In this post I want to show how I build a simple Telegram bot using serverless functions and using a tool that helped me to develop and test everything locally. I have never built a Telegram bot before, nor have I developed anything serverless or programmed in JS, so it is done by and for beginners. But first, some concepts.

What is Serverless?

Serverless computing (or serverless for short), is an execution model where the cloud provider (AWS, Azure, GCP, …) is responsible for executing a piece of code by dynamically allocating the resources. And only charging for the amount of resources used to run the code. The code is typically run inside stateless containers that can be triggered by a variety of events including http requests, database events, queuing services, monitoring alerts, file uploads, scheduled events (cron jobs), etc. The code that is sent to the cloud provider for execution is usually in the form of a function.

What is Serverless Framework?

The Serverless Framework consists of an open source CLI that makes it easy to develop, deploy and test serverless apps across different cloud providers, as well as a hosted Dashboard that includes features designed to further simplify serverless development, deployment, and testing, and enable you to easily secure and monitor your serverless apps.

Project Requirements

Lets begin building our Telegram bot. For that we’ll need:

Serverless CLI

This is the tool that will help us with the development, test and future deployment of our serverless project. If you want to have it globally installed just run:

npm install -g serverless


Ngrok allows you to expose a web server running on our local machine to the internet. We just need to tell ngrok what port our web server is listening on.

When you start ngrok, it will display in your terminal the public URL of your tunnel and other status and metrics information about connections made over your tunnel. We will see an example later. First let’s install it, just go here and follow the instructions.

Telegram Bot

Just talk to BotFather (find him in Telegram App) and follow a few simple steps to create a new bot. Once you’ve created a bot and received your authorization token (save it for later) we can go to our next step. For more info about telegram bots check the docs.

Putting it all together

First, lets create a node project. For that just create a folder for the project and once inside run:

npm init

Follow the steps and when it ask you for an entry point put handler.js.

Now, let’s install our dependencies. First, Serverless CLI:

npm install -D serverless serverless-offline

And now Telegraf, a Telegram library that will help us interacting with our bot:

npm install --save telegraf

At this point you should have a package.json with something like this at the end:

  "devDependencies": {
    "serverless": "^1.60.4",
    "serverless-offline": "^5.12.1"
  "dependencies": {
    "telegraf": "^3.34.1"

Now, let’s create our serverless descriptor. For that just create a file named serverless.yml and put this:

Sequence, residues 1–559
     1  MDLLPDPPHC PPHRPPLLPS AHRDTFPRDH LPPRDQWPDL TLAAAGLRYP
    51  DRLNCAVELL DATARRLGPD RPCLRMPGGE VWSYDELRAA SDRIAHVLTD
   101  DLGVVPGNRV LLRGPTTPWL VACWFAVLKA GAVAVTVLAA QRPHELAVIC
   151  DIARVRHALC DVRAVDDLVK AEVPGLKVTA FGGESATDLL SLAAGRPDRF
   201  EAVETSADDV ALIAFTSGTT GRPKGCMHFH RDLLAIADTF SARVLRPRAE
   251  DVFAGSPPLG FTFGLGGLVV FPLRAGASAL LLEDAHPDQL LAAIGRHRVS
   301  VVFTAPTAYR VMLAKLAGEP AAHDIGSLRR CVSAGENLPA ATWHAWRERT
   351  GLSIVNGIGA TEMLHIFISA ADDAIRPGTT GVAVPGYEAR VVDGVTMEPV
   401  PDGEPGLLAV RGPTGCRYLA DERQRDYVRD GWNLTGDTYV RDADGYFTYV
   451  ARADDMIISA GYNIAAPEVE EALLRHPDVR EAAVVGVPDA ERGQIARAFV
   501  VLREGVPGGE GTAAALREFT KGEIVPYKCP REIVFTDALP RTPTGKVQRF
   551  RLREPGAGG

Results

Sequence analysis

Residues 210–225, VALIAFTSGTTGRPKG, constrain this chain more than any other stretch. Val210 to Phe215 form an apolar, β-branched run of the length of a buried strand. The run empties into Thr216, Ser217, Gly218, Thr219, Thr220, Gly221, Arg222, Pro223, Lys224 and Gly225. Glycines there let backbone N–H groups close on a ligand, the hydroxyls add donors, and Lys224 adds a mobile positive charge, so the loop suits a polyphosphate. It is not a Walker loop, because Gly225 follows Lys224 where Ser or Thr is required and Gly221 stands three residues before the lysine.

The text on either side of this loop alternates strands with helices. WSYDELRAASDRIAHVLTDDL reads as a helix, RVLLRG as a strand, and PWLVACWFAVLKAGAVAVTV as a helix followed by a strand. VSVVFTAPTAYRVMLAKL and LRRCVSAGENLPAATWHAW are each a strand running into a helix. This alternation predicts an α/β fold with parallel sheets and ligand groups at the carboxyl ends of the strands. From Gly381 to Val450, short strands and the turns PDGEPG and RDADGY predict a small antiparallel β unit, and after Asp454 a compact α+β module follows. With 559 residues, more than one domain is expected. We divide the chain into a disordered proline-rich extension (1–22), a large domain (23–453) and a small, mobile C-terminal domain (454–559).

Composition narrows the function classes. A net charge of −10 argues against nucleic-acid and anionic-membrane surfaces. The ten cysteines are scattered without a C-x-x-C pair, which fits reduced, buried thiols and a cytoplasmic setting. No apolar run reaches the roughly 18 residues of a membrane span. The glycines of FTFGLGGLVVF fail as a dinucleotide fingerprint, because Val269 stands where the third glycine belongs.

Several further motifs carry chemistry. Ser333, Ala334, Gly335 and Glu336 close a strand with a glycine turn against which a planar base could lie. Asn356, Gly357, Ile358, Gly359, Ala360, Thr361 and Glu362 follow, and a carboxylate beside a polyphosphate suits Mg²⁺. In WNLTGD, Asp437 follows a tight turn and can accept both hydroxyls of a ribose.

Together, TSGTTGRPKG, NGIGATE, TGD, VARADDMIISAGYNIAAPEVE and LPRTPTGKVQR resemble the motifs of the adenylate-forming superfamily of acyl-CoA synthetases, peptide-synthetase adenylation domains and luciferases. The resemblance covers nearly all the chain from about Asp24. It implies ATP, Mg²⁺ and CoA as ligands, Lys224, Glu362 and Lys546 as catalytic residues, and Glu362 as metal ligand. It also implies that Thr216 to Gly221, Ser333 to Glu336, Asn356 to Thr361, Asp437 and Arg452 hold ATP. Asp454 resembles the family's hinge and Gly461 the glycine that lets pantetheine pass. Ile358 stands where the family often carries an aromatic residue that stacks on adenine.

service: telegram-bot

  - serverless-offline
  name: aws
  runtime: nodejs12.x
  stage: dev
  region: us-east-1

    handler: handler.find
      - http:
          path: find
          method: post
          cors: true

This file describes to Serverless CLI everything it needs to know to deploy our function. We could easily add more functions to this file and that will allow us to deploy more than one function with just one command.

Finally, let’s add the code of our functions. Create a file called handler.js and add this code:

'use strict';

module.exports.find = async event => {
const Telegraf = require('telegraf')
const bot = new Telegraf(process.env.TELEGRAM_TOKEN)

bot.command('oldschool', (ctx) => ctx.reply('Hello'))
bot.command('modern', ({ reply }) => reply('Yo'))
bot.command('hipster', Telegraf.reply('λ'))


Make it work!

Lets run everything! First, lets put our telegram token in our environment, for that just run:


To run our function locally we need to execute:

serverless offline

That command will list all the functions deployed with the corresponding path. We’ll have a server listening for our request in localhost over the port 3000 and with a route for the find function.

serverless command

Now, lets expose this to the internet so our Telegram Bot can make calls to our function. For that we’ll use Ngrok. Just execute:

ngrok http 3000


We will take the HTTPS url that it gives us (it’s different for every execution) in this case and our Telegram Bot Token and we will make a request to the following URL to set the Webhook URL for the Telegram bot:[TELEGRAM_BOT_TOKEN]/setWebhook?url=[NGROK_URL]/find

It’s important to use the HTTPS version of the URL, without encryption Telegram won’t accept it. And if we get a screen like this, we know everything went well:


And now we can speak to our bot with everything running in our machine.

telegram bot

Deploying to AWS

One of the perks of Serverless CLI is that now with just one command we can go from having everything in our machine to deploying everything to our cloud provider. Our serverless.yml has as provider AWS, so for this example we will deploy it there, but it would be painless to change it to GCP or Azure.

serverless deploy

serverless deploy

That is everything that we need to execute to have our code in AWS. Now we could change the Ngrok URL for this one and everything should work without problems.

And to clean everything in our AWS account just run serverless remove.


Telegram Bot Repo

Serverless Stack

Serverless Framework

Telegram Bots Docs